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Category: book character names

quirkychara

By Linda Rosenkrantz

If you’re looking for a really unusual name, you might not have to look any further than your nearest library.

What follows is a melange of quirky character names—a mix of word names, surname names, nickname names, invented names–found in modern literature.  To keep it from going on into infinity, I’ve limited the list to mainstream twentieth century novels and plays, avoiding for the most part the often bizarre nomenclature of sci-fi and other genre lit.

Alivina Houghton, The Lost Girl, D. H. Lawrence

Amaranta Ursula, One Hundred Years of Solitude, Gabriel García Marquez

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Names from the Book You’re Reading!

reading

Thanks, Hanniekitt, for posting this great question in the forums that we’re taking to the blog: What are the names in the book you’re currently reading, and what do you think of them?

You can think of this as the Nameberry Book Club, where we talk not about plot and pacing and characters but about the characters’ names (sounds like our kind of book club, right?).

I just finished reading the new New York Times bestselling novel Orphan Train, by my friend Christina Baker Kline who’s blogged for Nameberry on naming her three sons (and making some mistakes along the way).  Her characters’ names include:

VivianOne of those names I’ve been hearing a lot of in fiction recently as in life, maybe because it means life?  Ann Hood recently wrote for us about using it in her novel The Obituary Writer.

NiamhVivian‘s original Irish name, changed when she was put on the orphan train because it was too “foreign and difficult.”  Couldn’t help feeling that losing her lovely name was one of the biggest tragedy’s of the character’s difficult life!

Molly – The Native American teenager that the old Vivian befriends….and my husband’s pick for our daughter!

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salinger3

Today’s knowledgeable guest blogger takes an analytic look at the literary names of the Glass family and other memorable characters created by J. D. Salinger.

Would you believe that we recently celebrated the 60th anniversary of the publication of J. D. Salinger’s The Catcher in the Rye?  To commemorate — a year after Salinger himself passed away at the age of 91 — here’s a look at the names of some of his protagonists:

Holden. Holden Caulfield is one of the twentieth century’s iconic anti-heroes. A surname in origin, Holden derives from a little place in Lancashire, England, meaning “hollow valley.” Salinger may well have chosen it because it sounds like “hold on” – just as Holden wanted to do to preserve the innocence of children, as “the catcher in the rye.” Holden has been gradually rising in use in the US over the past twenty-five years, and is now ranked at Number 316.

Phoebe. Holden’s little sister. From the Greek phoibos “bright, radiant,” very appropriate for the character Holden idealizes. Phoebe is also the name of a Titaness – a daughter of Uranus and Ge. It was not uncommon as a name in antiquity, and stumbled into The New Testament. In past centuries, Phebe was often the preferred form. The best know Phoebe is recent years is Phoebe Buffay, in Friends (followed by Phoebe Halliwell in Charmed). Ironically, it was the UK that felt Phoebe Buffay’s influence greatest, with the name mushrooming in use virtually overnight.  In 2009, it was in 23rd place in the UK — but falling. In the US, it has been steadily climbing since the late eighties but is still far from common.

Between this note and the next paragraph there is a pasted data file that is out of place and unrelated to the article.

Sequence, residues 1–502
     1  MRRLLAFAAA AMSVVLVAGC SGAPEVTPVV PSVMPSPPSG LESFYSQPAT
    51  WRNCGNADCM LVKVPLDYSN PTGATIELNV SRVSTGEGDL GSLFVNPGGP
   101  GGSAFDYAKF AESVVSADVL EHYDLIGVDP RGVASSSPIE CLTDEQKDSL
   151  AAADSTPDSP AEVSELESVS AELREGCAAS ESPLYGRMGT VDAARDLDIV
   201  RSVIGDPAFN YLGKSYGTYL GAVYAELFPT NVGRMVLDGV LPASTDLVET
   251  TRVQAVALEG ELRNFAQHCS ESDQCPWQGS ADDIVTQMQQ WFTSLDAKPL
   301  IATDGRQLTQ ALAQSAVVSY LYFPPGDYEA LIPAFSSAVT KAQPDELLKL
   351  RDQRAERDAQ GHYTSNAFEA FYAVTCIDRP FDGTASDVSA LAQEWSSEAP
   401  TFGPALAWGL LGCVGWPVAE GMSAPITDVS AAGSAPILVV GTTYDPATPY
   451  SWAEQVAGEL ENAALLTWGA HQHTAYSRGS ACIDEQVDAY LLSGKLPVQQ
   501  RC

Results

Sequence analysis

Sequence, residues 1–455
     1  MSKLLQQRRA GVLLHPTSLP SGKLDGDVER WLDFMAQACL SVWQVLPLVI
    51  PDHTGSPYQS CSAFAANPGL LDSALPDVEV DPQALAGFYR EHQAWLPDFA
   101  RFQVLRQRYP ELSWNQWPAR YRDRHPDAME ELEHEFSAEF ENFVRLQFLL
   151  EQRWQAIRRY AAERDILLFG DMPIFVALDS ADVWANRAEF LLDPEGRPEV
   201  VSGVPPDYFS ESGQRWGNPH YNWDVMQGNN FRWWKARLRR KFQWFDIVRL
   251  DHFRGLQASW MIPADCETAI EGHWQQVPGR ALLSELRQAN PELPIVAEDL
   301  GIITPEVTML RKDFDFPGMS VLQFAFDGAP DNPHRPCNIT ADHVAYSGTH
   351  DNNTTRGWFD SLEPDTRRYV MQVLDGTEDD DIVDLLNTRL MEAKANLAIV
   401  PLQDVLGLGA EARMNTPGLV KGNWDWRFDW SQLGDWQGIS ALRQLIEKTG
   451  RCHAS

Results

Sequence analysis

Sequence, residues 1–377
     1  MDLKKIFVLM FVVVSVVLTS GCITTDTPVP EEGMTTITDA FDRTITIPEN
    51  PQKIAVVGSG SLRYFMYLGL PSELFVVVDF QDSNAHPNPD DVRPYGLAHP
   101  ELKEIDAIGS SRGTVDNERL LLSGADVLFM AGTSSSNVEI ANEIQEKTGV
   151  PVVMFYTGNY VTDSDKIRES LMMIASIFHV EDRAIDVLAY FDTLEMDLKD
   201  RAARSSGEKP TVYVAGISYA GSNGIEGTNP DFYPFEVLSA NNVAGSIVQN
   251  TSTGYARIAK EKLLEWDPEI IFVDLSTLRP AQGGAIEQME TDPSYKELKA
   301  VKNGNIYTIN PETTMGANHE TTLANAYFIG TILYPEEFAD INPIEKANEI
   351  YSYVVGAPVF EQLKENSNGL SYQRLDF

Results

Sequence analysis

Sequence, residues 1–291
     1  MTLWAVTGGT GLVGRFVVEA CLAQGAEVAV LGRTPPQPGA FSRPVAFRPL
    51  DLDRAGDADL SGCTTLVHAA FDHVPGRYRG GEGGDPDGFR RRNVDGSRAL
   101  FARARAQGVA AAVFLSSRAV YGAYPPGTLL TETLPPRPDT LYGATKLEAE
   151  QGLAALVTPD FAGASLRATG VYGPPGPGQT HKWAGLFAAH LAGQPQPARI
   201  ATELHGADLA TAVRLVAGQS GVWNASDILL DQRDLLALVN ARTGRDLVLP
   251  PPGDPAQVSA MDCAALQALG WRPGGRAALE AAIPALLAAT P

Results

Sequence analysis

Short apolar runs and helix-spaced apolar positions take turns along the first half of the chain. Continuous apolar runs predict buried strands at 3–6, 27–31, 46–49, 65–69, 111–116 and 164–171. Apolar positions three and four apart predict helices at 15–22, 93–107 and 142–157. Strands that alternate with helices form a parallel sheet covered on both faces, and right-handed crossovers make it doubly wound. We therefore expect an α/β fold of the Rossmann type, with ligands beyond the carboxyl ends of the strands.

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bkchars

Recently, the London newspaper The Independent published the results of a survey they did asking one hundred British literary figures–including such leading lights as Maeve Binchy, Tracy Chevalier, Cynthia Ozick, David Lodge, AS Byatt and Ken Follett— to name their favorite fictional characters, “the characters who gave them the greatest reading pleasure.”

It was pretty interesting to see how the source books correlated with the choosers’ own works—probably no surprise that Ken Follett found early inspiration from James Bond, and Michael Connelly was influenced by Philip Marlowe. (To check out the  full story, including which writers picked which characters, visit the website of The Independent.)

Here are some of the noteworthy character names that they came up with:

Antonia Shimerdas, My Antonia by Willa Cather

Arturo Gerace, Arturo’s Island by Elsa Morante

Bathsheba Everdene, Far from the Madding Crowd by Thomas Hardy

Ebenezer le Page, The Book of Ebenezer le Page by G. B. Edwards

Elinor Dashwood, Sense and Sensibility by Jane Austen

Flora Poste, Cold Comfort Farm by Stella Gibbons

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bookreader3

Today’s Question of the Week: Is there a name from a book you read when you were younger that made enough of an impression on you that you’ve loved it ever since?

(After all, at least some of those hundreds of new babies being named Atticus must have some connection to that inspirational lawyer in To Kill a Mockingbird  and all those recent little Holdens to that cynical adolescent Holden Caulfield in The Catcher in the Rye—whether conscious or not.)

So think back—can you trace your long-standing attraction for a particular name to an impression it made on you at an impressionable age?

Anyone out there who actually has used such a name for their child?

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